• A party that gave us three Prime Ministers in as many years claims that only it can deliver “strong and stable government”.
  • “Working families” take centre stage and perform a snazzy jazz number. Families relying on Newstart sit begging on the pavement outside the theatre.
  • Pauline Hanson’s tick and appendix are seen running away together towards the sunset.
  • Aboriginal communities once again rejoice at being referred to as “our First Peoples”. Elders everywhere wish they could perform a Fuck Off From Country ceremony.
  • Scott Morrison holds a press conference and refuses to answer a single question from journalists, complaining that the line of questioning is simply not “fair dinkum”.
  • A picture can speak a thousand words. Penny Wong says nothing, but the look on her face rivals a Dostoyevsky novel.
  • A parade of self-funded retirees graces the front pages of several News Corp newspapers, appalled that Labor want to tax their retirement. Within 24 hours, they have all been revealed to be members of the Liberal Party.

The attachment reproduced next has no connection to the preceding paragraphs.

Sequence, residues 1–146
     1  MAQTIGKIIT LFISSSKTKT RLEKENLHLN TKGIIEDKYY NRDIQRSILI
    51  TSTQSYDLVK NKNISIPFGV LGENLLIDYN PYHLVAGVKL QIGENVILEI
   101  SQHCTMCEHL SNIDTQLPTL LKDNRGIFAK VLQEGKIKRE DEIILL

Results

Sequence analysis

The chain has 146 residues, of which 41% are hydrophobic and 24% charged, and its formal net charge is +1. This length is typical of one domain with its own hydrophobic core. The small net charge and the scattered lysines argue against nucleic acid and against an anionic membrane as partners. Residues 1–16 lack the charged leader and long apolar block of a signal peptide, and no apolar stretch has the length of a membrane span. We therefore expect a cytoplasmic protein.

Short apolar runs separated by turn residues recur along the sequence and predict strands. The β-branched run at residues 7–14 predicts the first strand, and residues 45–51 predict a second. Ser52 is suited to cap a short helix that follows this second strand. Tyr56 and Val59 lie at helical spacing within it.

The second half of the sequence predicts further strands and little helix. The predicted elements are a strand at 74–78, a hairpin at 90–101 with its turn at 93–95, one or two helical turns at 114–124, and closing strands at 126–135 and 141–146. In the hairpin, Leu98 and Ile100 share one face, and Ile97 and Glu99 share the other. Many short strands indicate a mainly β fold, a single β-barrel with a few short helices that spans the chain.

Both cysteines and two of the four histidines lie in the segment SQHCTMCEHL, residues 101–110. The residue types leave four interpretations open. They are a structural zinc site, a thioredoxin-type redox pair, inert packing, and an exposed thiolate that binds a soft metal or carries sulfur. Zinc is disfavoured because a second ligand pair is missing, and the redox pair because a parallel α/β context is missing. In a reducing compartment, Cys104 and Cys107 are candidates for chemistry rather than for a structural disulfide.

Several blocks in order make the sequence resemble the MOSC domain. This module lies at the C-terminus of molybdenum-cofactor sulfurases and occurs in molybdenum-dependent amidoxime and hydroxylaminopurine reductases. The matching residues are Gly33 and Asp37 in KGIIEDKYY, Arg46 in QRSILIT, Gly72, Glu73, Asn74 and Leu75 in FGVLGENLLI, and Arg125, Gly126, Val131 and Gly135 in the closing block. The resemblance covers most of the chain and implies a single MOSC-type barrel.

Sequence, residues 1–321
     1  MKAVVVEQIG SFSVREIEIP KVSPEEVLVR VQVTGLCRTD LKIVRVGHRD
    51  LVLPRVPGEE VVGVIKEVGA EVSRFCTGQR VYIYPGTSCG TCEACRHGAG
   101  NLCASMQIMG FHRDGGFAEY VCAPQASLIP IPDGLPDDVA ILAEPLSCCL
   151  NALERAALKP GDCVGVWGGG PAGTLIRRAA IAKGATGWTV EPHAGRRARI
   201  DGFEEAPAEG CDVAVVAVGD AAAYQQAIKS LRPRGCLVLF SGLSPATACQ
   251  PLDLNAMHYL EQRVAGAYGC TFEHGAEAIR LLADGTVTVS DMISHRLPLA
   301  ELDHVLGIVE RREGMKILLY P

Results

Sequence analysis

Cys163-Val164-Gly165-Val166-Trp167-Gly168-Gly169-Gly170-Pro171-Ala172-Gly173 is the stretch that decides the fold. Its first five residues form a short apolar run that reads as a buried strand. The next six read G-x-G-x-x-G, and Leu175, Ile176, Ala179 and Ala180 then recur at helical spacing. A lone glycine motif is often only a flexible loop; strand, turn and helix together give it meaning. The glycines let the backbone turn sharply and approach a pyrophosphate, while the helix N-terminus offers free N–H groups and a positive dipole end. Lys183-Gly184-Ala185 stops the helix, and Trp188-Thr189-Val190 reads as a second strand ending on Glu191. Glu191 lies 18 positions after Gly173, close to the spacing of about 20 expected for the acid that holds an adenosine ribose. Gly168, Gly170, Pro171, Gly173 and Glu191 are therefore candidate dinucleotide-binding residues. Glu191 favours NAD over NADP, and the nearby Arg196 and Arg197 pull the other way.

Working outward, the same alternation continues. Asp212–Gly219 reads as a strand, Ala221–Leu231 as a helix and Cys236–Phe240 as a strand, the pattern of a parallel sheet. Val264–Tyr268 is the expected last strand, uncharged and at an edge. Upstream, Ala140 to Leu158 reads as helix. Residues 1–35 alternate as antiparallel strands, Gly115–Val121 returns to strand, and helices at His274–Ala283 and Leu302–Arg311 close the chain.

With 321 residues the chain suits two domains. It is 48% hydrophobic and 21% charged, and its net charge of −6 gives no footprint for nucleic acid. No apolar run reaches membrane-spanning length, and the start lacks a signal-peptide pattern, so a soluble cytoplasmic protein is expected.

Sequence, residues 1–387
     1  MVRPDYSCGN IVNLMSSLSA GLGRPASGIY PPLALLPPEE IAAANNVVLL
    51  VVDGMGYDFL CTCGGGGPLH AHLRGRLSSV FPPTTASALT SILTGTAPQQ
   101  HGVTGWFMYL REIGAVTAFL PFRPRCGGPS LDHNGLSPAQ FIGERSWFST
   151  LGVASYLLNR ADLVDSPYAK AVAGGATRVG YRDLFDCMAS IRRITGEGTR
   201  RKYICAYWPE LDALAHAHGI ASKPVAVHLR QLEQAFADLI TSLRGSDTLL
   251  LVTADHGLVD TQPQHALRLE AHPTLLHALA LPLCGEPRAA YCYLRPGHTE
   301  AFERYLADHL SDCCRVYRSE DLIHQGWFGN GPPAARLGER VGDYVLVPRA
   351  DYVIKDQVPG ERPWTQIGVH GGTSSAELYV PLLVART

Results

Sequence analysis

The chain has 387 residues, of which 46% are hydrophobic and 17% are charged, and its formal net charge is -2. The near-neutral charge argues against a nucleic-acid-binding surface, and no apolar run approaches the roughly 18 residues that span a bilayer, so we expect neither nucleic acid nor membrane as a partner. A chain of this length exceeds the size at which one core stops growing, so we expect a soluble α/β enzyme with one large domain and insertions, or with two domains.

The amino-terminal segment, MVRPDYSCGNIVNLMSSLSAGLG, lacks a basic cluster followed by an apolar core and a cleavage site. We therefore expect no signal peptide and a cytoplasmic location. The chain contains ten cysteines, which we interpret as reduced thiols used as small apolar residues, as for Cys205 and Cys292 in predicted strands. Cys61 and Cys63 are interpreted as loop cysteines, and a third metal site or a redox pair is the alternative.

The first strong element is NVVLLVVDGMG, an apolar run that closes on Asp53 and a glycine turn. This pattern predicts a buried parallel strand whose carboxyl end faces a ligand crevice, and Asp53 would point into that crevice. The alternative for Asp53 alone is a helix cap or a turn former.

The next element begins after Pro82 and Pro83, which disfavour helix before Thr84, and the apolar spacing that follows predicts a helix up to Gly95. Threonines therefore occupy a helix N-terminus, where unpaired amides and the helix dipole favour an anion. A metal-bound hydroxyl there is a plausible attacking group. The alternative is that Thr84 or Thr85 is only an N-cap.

• Jordon Steele-John holds an event to try to bring some attention – please, just some attention – back to the Disability Royal Commission. He is unable to get into the venue as they didn’t think to provide an accessible entrance.
  • The Canberra bubble pops, spreading a thick film of mucus over the entire Australian mainland.
  • Mark Latham is legally forced to retract one statement per week in the lead-up to the election.
  • Australians of all stripes find common ground at last, as they come together to decipher what “if you have a go, you’ll get a go” means. (Really though, what does it mean?)